Friday, May 8, 2015

Donal Mahoney- Three Poems

Diamond of Jello

From my stool in the diner I watch
the old woman with elm tree arms
command the big booth in back
and roar for a menu,
take a half hour to read it
before placing her order.
Watching her eat, I realize
life for her is a dollop of whip cream,
a twirling ballerina, on a diamond of Jello.
I raise my water glass
in a silent toast. Bravo, I whisper.
I wish her good cheer.

Right to Flow

One day the faucets of the world
became irate when people
turned them off too tight and so 

they chose to drip in anger, 
a cacophony only they could hear. 
When their demonstration ended 

water flowed out the windows, 
down the streets, flooding villages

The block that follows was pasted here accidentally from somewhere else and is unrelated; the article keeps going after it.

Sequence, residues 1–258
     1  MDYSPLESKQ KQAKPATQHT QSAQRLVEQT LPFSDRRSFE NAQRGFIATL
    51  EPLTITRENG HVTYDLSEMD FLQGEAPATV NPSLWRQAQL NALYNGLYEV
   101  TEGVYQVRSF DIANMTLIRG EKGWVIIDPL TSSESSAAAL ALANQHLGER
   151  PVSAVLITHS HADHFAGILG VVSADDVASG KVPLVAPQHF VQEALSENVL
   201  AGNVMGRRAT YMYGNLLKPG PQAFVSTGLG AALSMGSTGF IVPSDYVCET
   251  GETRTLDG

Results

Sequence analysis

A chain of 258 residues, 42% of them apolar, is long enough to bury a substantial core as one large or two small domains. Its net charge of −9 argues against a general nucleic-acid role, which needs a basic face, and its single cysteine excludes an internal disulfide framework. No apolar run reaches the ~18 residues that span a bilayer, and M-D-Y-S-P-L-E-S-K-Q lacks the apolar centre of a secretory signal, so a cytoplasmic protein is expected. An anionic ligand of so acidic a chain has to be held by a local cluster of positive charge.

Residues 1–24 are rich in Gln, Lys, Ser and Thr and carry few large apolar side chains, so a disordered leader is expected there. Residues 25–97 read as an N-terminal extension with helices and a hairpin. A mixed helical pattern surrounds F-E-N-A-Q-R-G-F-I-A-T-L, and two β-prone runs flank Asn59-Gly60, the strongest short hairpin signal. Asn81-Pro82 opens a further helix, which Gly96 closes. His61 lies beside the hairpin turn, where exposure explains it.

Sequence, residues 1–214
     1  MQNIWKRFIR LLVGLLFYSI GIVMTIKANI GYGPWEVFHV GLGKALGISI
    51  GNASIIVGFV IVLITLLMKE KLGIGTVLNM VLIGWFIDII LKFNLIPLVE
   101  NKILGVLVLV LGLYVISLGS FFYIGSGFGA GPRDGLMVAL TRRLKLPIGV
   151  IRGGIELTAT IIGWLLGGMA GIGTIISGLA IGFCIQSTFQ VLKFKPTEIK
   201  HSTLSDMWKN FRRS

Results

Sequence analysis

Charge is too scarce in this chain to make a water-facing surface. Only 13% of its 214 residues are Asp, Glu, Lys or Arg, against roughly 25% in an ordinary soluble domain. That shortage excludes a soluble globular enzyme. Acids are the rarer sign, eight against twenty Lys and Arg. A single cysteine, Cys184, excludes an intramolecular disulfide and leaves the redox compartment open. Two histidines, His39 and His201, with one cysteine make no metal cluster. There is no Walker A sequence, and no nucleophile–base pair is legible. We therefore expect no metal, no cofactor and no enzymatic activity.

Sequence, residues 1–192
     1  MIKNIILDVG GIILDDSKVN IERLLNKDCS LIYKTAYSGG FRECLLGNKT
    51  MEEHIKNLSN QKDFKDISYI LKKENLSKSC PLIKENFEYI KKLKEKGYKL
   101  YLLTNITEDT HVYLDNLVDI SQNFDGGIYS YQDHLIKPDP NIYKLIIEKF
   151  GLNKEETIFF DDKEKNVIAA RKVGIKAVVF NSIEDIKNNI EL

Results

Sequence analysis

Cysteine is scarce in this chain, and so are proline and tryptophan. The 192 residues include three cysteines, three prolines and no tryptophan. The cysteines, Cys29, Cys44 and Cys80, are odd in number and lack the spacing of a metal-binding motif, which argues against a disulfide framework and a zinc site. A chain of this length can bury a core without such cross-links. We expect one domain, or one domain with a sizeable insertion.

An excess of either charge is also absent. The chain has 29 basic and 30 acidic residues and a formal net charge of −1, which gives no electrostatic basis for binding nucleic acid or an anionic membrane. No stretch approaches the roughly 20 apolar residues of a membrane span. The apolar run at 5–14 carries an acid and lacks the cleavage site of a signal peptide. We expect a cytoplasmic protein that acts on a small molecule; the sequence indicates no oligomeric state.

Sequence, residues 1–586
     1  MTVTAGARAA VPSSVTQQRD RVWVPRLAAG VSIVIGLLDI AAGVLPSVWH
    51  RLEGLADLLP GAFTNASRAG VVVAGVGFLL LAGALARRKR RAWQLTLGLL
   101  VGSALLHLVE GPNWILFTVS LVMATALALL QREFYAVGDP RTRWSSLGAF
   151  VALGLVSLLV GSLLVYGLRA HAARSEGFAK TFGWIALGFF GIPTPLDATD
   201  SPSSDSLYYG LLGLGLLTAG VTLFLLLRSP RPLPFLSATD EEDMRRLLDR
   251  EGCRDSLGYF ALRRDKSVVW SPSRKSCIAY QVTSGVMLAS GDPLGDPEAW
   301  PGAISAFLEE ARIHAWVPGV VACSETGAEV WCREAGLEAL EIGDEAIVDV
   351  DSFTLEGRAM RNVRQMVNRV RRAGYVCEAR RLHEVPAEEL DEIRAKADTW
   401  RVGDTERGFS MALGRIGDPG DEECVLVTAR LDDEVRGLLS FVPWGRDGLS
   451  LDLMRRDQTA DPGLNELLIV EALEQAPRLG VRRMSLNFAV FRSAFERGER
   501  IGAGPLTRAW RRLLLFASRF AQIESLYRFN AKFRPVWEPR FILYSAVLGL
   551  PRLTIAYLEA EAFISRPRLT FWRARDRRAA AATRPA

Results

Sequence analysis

and cities everywhere, a tsunami 

sweeping everyone away. 
No faucet could refuse to flood.
They have a union now, you see.

Family Picnic

You’re not normal.
You never were.
Even in kindergarten
the nun had to call
your parents about 
the way you ruined 
worksheet after worksheet 
putting spots on zebras. 
You hated stripes.

Now miles into the jungle 
of your dotage, why grouse 
about family coming to town 
wanting to go on a picnic 
before the night game.
They're only being normal. 
They have no problem with ants
peppering the potato salad.
Why not tell them yesterday

the doctor said you have gout
and you plan to watch the game 
on TV in your recliner,
foot propped. Maybe you'll
see them in the stands while
the Cardinals pound the Cubs,
something as certain as 
the Second Coming, something 
the kids from Chicago already know.


Donal Mahoney lives in St. Louis, Missouri.

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